From old CS 471 notes…
A Brief History of Programming Languages
A sparse and full graph of the ancestral chain of programming languages can be found at http://merd.sourceforge.net/pixel/language-study/diagram.html
The graphs are cached here: sparse and full [citation: the link above].
The site http://www.levenez.com/lang/ also has a history diagram and lots of links for various programming languages.
My own take on PL history
Electronic computers first replaced human computers.
Manhattan project (Los Alamos, NM), had rooms of human “computers” working out the physics calculations.
Initial computers had toggle switches which would be set to machine code bit values and then latched into memory.
Variants of improving assembly language coding (textbook, 2.2).
Then FORTRAN == “FORmula TRANslator”, because of mathematical purpose of computers.
Scientific computation is still with us, and thus so is FORTRAN. LOTS of cycles are used today in supercomputers running FORTRAN code.
Early computers were hugely expensive.
The idea of the “science” of computation started to take hold.
Textbook says one of ALGOL’s original goals was “It should be possible to use the language for the description of algorithms in publications.”
ALGOL-58, ALGOL-60, ALGOL-68. LOTS of fundamental language features and language specification ideas came out of ALGOL (e.g., EBNF).
Idea of symbolic computation, and wonderings of Artificial Intelligence, began, produced LISP early on.
LISP == LISt Processor.
Late ’50s, computers are affordable by large businesses, so need a language for business data processing. Thus COBOL was born.
COBOL == “COmmon Business Oriented Language”.
There are still COBOL programs running major commercial computations.
Around Y2K, old COBOL programmers were making a mint.
Attempt to provide a language for all applications: PL/I from IBM.
PL/I was the first “big language failure” – although it was widely used for a while.
By early 70’s, minicomputers.
Ken Thompson, Brian Kernighan, Dennis Ritchie: AT+T Bell Labs
An unused PDP-11 got them interested in making a more interactive computer platform.
Thus was born Unix.
They improved some earlier PL work (B, BCPL) into the C programming language, in order to implement Unix.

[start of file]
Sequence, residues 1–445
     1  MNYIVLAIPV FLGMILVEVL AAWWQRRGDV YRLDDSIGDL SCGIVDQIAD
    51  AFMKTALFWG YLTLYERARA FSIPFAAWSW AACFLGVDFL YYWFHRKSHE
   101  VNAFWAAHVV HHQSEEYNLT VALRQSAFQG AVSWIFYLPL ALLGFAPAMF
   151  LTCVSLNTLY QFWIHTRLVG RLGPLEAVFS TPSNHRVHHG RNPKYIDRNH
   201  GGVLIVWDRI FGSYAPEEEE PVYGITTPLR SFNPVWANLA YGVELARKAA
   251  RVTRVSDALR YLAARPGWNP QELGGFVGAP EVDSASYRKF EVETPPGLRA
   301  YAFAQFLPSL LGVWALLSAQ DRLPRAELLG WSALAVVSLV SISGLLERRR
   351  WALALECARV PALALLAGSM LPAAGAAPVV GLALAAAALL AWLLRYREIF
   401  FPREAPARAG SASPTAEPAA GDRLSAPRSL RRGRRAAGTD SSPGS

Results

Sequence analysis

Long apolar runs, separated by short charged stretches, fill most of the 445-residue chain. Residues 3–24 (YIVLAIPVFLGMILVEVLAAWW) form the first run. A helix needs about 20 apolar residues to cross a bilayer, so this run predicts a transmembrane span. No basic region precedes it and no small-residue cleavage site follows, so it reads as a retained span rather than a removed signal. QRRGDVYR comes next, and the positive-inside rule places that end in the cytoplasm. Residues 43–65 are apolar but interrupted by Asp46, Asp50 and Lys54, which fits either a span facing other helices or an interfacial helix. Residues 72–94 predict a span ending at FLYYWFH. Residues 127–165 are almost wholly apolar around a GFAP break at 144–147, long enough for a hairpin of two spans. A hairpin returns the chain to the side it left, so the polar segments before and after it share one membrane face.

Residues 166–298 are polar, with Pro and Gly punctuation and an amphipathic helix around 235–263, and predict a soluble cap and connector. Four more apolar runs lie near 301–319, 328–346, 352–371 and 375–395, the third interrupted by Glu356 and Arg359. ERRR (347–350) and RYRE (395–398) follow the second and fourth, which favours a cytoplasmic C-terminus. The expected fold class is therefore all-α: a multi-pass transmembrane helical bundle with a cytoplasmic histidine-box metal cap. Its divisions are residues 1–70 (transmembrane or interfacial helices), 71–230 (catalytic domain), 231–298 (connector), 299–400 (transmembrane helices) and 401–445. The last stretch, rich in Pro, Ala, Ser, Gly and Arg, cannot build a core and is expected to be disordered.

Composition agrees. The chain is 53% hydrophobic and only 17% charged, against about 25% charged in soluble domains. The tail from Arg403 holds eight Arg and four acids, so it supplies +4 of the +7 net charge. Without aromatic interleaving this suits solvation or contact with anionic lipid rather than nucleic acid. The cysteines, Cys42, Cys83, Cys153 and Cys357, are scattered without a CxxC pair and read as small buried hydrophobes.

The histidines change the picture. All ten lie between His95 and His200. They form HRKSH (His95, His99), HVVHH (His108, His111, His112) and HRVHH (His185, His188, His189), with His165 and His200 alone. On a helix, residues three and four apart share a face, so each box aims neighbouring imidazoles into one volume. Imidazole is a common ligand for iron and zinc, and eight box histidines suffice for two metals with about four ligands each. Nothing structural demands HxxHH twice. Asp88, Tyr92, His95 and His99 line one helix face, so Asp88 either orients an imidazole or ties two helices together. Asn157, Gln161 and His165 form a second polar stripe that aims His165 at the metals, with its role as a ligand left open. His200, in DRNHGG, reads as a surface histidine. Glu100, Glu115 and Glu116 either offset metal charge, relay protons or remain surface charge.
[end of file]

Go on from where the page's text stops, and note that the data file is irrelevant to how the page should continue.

The rise of C is tied to the rise of Unix.
Unix spearheaded the “interactiveness” of computers.
Fundamentally, “interactiveness” leads to the ideas of scripting.
Unix shell commands could be “scripted”, stored in a file. Shell commands had basic selection and looping capability, and ability to create variables.
AWK brought scripting to “report writing”.
Perl combined both shell and Awk capabilities, was the first “powerful” scripting language.
U.S. Defense Department: no current language is safe and rigorous enough for military applications, so we’ll design our own.
Thus was born ADA, then next “big language failure”.
Ada, in truth, is a very nice language. Simply too big to succeed.
Textbook says “Although many people did not initially realize it, the development of a compiler for the Ada language was a difficult task”. (took four years).
Eventually the DoD dropped the requirement of Ada for all DoD software.
Lesson: most successful languages started out as a design from one, at most two, people. Committees do not design good languages.
Object oriented ideas: first appeared in Simula 67, but Smalltalk was the first language to seriously expose OO to the masses.
How to bring OO to mainstream?
At least two different attempts with C: Objective C, C++
Both enjoyed some success for a while, eventually Objective C lagged (doubtful for technical reasons; e.g., VHS/Betamax, HD-DVD/Blue-Ray)
PC’s get powerful enough to consider truly portable “real” programs, plus programmers are tired of C++: Java and the JVM.
Skipped: Pascal, Prolog, many others.